The offensive struggles on the road of the Colorado Rockies have been well chronicled by just about everyone at this point. A historically bad 6-31 record on the road while hitting for a batting average of .197 will garner that kind of attention.
While we know everyone is underperforming on the road, what hasn’t been talked about enough is who specifically is REALLY underperforming on the road. There’s a few core guys who you might not have realized are really struggling on the road. Let’s take a look at a few of them.
Trevor Story: .184/.279/.368
As a major focal point of the entire Rockies organization, Trevor Story is the engine of this club. When he gets going, the rest of the Rockies follow. Therefore as Trevor Story is off to his worst offensive start on the road of his career, the Rockies are as well. At just .184, Story is currently well below his career road average of .244. It stands in stark contrast to his .315 home average this year. You would expect Story to turn it around the deeper into the season we go but with splits as wide as those and the trade deadline just a month away, it could possibly scare some teams away or at least limit his rental value.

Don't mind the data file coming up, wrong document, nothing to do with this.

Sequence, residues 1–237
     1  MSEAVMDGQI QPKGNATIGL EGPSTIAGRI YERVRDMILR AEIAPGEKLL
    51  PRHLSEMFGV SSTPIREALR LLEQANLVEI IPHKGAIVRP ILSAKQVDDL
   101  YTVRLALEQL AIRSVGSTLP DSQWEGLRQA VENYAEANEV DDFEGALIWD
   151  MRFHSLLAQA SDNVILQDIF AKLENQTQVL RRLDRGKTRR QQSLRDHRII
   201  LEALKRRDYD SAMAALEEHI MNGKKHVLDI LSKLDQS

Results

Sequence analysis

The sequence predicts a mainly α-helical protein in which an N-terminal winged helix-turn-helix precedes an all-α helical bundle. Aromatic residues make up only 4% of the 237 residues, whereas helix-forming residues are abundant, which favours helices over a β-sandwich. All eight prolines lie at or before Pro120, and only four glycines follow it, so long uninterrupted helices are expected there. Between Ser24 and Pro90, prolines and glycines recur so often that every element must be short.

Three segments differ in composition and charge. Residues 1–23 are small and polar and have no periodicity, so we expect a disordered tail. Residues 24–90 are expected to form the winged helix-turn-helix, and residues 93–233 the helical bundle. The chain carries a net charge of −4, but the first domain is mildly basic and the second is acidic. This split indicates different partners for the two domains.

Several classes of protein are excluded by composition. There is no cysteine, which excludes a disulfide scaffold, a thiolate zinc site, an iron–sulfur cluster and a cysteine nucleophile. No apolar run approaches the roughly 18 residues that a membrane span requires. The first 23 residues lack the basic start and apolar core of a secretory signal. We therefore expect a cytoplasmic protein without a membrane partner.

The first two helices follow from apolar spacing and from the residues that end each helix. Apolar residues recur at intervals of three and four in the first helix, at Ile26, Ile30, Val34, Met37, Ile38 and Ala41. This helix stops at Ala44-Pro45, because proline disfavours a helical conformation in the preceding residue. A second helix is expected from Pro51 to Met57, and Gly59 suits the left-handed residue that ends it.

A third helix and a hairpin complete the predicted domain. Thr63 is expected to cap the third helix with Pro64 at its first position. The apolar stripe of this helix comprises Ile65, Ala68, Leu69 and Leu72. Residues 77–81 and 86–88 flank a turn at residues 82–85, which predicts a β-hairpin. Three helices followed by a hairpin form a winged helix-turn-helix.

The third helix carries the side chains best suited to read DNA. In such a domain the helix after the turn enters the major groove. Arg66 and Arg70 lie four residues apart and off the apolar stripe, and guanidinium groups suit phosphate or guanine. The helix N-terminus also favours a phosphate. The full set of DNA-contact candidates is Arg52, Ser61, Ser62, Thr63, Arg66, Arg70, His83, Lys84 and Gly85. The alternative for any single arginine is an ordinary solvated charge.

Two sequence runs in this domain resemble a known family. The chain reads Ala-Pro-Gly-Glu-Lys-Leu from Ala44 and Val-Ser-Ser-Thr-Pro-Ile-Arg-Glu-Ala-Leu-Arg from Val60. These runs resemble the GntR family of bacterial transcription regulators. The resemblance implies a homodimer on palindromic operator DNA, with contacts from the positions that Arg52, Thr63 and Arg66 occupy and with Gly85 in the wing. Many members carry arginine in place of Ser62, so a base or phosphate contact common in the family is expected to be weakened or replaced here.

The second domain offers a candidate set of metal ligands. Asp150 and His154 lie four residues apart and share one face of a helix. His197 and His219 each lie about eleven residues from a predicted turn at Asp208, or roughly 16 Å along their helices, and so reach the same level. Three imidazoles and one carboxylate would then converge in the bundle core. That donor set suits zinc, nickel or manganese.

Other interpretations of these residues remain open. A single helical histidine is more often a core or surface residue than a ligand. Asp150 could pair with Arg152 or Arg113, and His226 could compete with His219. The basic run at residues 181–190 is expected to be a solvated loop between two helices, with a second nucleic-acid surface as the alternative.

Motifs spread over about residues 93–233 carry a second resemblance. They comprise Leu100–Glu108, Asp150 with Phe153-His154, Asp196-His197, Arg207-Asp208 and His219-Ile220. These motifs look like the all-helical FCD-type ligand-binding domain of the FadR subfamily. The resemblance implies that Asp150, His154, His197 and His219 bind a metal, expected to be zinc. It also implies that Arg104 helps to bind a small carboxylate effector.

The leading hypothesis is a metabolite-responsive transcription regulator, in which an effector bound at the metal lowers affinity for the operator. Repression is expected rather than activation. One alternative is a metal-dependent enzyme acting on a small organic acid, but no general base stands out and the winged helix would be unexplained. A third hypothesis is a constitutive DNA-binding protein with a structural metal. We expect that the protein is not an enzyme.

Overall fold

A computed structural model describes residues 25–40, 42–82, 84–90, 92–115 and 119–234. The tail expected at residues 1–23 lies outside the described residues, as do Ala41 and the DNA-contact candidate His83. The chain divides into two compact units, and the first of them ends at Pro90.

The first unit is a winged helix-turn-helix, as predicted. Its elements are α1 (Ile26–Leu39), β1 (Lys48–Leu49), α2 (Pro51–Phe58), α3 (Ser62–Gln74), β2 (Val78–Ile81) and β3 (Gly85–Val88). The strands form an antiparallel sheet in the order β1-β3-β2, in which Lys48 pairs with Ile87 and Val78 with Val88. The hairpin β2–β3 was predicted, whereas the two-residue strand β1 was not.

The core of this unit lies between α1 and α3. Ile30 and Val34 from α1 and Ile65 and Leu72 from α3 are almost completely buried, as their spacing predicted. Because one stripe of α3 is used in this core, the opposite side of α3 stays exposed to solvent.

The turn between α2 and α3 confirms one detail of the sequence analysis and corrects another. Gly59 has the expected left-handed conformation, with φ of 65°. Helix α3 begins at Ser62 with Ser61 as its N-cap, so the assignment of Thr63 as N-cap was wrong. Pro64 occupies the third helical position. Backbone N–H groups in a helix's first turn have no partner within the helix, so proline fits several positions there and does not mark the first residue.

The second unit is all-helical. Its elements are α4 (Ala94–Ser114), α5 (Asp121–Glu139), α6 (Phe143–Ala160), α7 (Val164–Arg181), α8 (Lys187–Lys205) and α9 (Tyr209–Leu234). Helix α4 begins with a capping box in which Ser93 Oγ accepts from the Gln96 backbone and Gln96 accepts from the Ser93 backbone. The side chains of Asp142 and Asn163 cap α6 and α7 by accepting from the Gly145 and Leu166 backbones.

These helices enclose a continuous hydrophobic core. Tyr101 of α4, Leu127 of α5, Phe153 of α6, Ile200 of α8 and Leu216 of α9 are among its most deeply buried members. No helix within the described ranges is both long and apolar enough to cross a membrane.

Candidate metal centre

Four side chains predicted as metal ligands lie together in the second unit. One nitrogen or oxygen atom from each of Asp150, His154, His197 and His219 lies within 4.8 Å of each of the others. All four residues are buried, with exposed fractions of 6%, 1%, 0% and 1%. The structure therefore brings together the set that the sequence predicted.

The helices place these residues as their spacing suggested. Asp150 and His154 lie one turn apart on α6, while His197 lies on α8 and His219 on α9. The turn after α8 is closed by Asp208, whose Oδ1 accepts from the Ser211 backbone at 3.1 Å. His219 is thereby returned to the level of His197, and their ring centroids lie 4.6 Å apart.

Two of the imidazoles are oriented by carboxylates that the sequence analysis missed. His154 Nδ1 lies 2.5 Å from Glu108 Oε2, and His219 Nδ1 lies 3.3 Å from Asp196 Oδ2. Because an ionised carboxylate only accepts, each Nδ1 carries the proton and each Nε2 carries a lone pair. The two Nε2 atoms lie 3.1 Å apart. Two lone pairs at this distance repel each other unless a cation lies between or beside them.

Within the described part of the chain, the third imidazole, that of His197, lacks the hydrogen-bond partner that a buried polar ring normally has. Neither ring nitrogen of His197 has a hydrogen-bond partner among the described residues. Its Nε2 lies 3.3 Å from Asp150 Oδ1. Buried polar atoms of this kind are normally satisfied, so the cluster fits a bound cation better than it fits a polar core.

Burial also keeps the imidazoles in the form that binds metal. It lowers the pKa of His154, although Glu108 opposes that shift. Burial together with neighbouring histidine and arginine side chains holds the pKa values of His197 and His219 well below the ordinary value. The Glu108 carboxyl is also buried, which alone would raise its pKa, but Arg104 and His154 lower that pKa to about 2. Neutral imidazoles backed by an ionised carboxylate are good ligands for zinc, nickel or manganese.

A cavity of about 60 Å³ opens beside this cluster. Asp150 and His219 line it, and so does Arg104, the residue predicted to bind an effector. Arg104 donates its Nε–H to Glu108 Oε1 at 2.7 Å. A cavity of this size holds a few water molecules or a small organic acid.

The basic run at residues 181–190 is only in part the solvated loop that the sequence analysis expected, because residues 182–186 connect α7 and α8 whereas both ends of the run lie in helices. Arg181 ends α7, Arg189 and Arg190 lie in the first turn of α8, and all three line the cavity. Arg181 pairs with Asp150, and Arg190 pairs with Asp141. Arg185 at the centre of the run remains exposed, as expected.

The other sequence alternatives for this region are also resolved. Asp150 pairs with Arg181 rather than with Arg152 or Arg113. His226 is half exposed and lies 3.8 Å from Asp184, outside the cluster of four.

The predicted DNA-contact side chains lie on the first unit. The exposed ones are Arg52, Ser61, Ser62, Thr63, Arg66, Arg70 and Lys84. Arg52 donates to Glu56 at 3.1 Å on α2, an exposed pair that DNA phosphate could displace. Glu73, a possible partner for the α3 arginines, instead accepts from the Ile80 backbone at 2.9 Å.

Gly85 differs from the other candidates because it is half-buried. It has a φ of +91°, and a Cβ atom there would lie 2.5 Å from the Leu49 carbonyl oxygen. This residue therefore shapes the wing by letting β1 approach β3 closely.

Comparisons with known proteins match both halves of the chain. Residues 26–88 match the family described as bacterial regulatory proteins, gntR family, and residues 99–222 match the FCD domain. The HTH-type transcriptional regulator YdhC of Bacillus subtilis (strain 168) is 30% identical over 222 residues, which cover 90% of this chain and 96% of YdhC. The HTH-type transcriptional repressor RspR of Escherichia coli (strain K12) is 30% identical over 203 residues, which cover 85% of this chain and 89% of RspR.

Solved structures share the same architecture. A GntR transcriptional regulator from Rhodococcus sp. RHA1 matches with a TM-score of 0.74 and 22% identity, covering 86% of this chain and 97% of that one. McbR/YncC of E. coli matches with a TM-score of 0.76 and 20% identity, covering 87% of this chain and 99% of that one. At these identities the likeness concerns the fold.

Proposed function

The heavy splits only add fuel to the narrative that Coors hitters can’t find or replicate success in other ballparks. Even after D.J. LeMahieu’s ascendance with the Yankees, teams remain wary of overvaluing Rockies hitters. It had to have been a consideration for the Cardinals when they were negotiating to acquire Nolan Arenado. To what effect it ultimately had in the final deal, only those front offices know.